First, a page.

There are many different family set ups throughout England and Wales and many different legal aspects to consider. Family law covers a wide variety of situations and many of our queries are about children and confusion over parental responsibility of the biological father.
All mothers automatically have parental responsibility of their children. Fathers can claim parental responsibility by a variety different ways including:
- Being married to the mother
- Have his name registered on the child’s birth certificate
- Have a parental responsibility agreement with the mother
- Obtaining a parental responsibility order from the courts
Having parental responsibility does not automatically guarantee the right for either parent to have contact with the child, or even to know the child’s whereabouts, but it can give a parent certain legal rights over the child, such as an influence over the child’s education or religion.
No legal father
In some cases, the biological father will choose not to apply for parental responsibility. If the parents are unmarried then the mother can not add the father to the birth certificate without his permission.
In these cases, the child will either not see the father at all or the parents will come to their own casual agreement about contact. A child does not need to have a legal father on the birth certificate or passport.
Some mothers may not want the child to have contact with their biological father or deem the father to be unsuitable or even dangerous and it is often the case that the biological father will not contact the mother or child for long periods of time, if ever.
These situations are remarkably simple from a family law perspective, unless the father applies for parental responsibility. However, a mother may worry about what will happen in the event of her death.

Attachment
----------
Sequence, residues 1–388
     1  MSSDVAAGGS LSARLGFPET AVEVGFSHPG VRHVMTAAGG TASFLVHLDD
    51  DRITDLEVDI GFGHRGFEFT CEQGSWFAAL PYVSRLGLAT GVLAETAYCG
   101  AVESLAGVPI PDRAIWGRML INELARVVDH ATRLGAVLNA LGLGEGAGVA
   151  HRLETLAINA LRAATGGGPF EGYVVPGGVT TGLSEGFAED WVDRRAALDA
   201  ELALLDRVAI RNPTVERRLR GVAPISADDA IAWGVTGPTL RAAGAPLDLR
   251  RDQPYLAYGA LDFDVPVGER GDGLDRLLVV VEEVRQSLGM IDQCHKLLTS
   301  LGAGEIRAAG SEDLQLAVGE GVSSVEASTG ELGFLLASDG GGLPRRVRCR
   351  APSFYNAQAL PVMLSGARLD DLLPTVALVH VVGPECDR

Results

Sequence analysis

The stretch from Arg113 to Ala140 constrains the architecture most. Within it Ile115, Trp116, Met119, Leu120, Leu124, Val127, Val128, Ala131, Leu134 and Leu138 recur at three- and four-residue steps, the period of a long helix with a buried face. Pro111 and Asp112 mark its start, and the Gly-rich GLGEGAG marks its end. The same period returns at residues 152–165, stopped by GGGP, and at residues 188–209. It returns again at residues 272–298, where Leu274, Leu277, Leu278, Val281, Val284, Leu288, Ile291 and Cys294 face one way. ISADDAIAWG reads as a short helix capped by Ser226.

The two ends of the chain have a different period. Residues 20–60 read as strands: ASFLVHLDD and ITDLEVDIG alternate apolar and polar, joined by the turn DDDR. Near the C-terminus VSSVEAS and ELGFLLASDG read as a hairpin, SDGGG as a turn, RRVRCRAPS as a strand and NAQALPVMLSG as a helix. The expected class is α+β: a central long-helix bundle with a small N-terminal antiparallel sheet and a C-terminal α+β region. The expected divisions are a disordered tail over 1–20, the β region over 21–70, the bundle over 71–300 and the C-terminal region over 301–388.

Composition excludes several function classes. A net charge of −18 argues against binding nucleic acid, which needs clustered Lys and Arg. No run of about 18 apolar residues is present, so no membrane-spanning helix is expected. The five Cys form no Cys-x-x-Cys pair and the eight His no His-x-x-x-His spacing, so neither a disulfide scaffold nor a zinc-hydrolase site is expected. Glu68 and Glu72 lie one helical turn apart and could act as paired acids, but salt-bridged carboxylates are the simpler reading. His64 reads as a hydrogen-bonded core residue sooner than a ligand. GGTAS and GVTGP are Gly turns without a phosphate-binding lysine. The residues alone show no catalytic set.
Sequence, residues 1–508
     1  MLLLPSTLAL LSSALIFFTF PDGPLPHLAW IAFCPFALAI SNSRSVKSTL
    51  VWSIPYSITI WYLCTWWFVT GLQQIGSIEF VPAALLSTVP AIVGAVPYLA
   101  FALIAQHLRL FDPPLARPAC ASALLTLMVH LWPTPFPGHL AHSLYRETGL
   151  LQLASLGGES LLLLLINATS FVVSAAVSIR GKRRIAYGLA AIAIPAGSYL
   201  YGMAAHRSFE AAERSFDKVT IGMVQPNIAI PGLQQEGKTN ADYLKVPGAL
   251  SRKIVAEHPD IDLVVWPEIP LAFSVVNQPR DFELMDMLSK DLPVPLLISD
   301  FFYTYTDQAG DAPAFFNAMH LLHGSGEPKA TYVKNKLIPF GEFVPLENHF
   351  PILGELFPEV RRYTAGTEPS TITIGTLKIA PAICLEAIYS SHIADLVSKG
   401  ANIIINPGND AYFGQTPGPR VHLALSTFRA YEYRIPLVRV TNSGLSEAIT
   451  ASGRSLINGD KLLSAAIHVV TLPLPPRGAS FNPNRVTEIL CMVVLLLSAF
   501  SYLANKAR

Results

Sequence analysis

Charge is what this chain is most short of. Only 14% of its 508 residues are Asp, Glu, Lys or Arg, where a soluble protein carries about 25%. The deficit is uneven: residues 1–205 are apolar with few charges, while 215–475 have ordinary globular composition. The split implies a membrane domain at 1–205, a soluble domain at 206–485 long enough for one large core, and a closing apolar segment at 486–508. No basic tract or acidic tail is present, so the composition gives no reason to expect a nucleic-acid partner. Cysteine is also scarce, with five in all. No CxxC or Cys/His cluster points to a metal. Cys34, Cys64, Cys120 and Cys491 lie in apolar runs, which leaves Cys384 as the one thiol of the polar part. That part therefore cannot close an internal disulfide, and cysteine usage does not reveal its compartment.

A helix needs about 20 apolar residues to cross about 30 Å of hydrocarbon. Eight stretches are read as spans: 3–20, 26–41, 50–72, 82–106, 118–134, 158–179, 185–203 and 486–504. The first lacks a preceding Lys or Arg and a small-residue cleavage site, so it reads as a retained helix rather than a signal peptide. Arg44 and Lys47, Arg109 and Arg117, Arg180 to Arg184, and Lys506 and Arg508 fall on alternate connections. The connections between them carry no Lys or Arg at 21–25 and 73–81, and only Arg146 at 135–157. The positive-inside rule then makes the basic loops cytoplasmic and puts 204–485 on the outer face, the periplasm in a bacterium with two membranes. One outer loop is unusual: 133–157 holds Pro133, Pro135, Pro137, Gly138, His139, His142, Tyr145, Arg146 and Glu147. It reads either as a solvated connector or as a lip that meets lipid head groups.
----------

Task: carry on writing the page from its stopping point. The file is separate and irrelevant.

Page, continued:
Can a biological father claim parental responsibility after the mother’s death?
The short answer is yes. A biological father will always be able to apply to the courts for parental responsibility. However, that doesn’t mean that they will be able to influence or even have contact with the child after the mother’s death.
A family court will always consider the welfare of the child first. This is the case throughout all family law and this situation is no different. If a biological father has been absent throughout the child’s life and the child is close to the mother’s family members or the people that the mother appointed as legal guardians, then the courts will respect this and do what is best for the child.
In the case of a child not knowing or rarely seeing the biological father or the father being unsuitable as a parent then if parental responsibility is granted after the mother’s death, the courts are likely to keep the influence and contact to a minimum, allowing the child to grow up with the mother’s family or chosen legal guardians.
For mothers who are concerned, it is important that you have an up-to-date and legal will. If you have any further queries, then you can book an appointment to come and see one of our family and child law solicitors in order to discuss your specific circumstances.